At the end of Scene 2 in Act 3, Hamlet speaks the following lines:
Soft! now to my mother!
O heart, lose not thy nature; let not ever
The soul of Nero enter this firm bosom.
Let me be cruel, not unnatural;
I will speak daggers to her, but use none.
My tongue and soul in this be hypocrites
How in my words soever she be shent,
To give them seals never, my soul, consent!
Shakespeare wants to make it clear to the audience that Hamlet has no intention of harming his mother. This fact will be important in Act 3, Scene 4, because Gertrude gets the false idea that Hamlet intends to murder her. She cries for help, and Polonius, who can't see anything from where he is hiding, echoes her cries, believing, as Gertrude does, that she is in mortal danger. Gertrude believes her son is insane from the time he first enters her room. This leads to a mixup and then to tragedy. Hamlet is being impertinent. When she asks, "Have you forgot me?" he replies:
No, by the rood, not so!
You are the Queen, your husband's brother's wife,
And—would it were not so—you are my mother.
This angers Gertrude. She says:
Nay, then, I'll set those to you that can speak.
Hamlet has come there with the intention of having it out with his mother. He wants to tell her how he feels about her marrying Claudius and especially doing it so soon after his father's death. He is not at all sure that she was not in collusion with Claudius in her husband's murder, or at least that she didn't have some kind of illicit relationship with Claudius before her husband was found dead. Hamlet probably grabs her by the wrist when he says:
Come, come, and sit you down. You shall not budge.
You go not till I set you up a glass
Where you may see the inmost part of you.
This results in an unusual mix-up. Hamlet is speaking metaphorically, but his mother, who thinks he is insane, takes him literally! He simply means that he intends to use words to make her look at herself and see her own improper behavior. But she gets the idea he intends to set up a mirror and then use his sword to cut her open and make her look at her own intestines as she is bleeding to death. That is why she says:
What wilt thou do? Thou wilt not murder me?
Help, help, ho!
Hamlet hadn't the slightest intention of hurting his mother. He cannot understand why she is crying for help. She is crying for help because she thinks her son is completely crazy and intends to kill her in a horrible and bizarre fashion. Then Polonius, who is behind Hamlet and in hiding, starts crying for help too.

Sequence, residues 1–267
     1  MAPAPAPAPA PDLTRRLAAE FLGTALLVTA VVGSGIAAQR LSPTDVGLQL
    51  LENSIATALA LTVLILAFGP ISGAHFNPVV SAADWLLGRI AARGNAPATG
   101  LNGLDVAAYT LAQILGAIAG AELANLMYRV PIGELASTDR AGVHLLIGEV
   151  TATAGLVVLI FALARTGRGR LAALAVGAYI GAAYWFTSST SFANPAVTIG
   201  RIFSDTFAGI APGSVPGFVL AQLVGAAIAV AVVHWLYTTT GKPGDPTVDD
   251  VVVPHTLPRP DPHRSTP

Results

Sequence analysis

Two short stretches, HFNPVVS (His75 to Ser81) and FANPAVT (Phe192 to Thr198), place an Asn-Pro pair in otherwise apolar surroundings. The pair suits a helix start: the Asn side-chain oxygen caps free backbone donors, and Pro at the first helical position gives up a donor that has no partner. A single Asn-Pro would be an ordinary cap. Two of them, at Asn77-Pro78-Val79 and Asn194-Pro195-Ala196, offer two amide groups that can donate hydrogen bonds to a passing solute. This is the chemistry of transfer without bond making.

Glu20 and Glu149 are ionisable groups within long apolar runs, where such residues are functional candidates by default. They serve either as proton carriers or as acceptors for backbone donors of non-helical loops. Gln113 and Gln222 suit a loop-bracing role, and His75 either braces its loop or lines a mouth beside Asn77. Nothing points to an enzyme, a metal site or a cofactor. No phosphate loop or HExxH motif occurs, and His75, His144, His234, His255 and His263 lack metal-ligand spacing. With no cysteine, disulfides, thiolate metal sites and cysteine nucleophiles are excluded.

What, ho! Help, help, help!
Now Hamlet thinks he has walked into a trap. He thinks his mother has sent for him because she was planning to call the guards and have her son apprehended. This would mean that she is in collusion with the king and that he could get thrown into a dungeon, where he might remain for years or be murdered. He would never have a chance to get his revenge against Claudius. In fact, it might be Claudius who is hiding behind the arras. So in self-defense Hamlet draws his sword and stabs the hidden man who is echoing Gertrude's cries for help from the palace guards.
Now that Hamlet is holding a bloody sword, Gertrude is really petrified. She thinks she is about to be killed by a lunatic. She has stopped calling for the guards because she saw what happened to Polonius for doing that. She offers no further resistance. Hamlet can now make her sit down and can give her the scathing tongue-lashing which is the outstanding feature of this marvelous scene. It includes these inspired lines:
Nay, but to live
In the rank sweat of an enseamed bed,
Stew'd in corruption, honeying and making love
Over the nasty sty!
O, speak to me no more!
These words like daggers enter in mine ears.
No more, sweet Hamlet!
A murderer and a villain!
A slave that is not twentieth part the tithe
Of your precedent lord; a vice of kings;
A cutpurse of the empire and the rule,
That from a shelf the precious diadem stole
And put it in his pocket!
By the time this turbulent confrontation between mother and son is over, she no longer believes he is insane, and he no longer suspects that she knows anything about how his father really died. Later she will tell Claudius that Hamlet is:
Mad as the sea and wind, when both contend
Which is the mightier.
But she no longer believes that. She is keeping Hamlet's secret and protecting him from punishment for killing Polonius by asserting that her son is totally insane.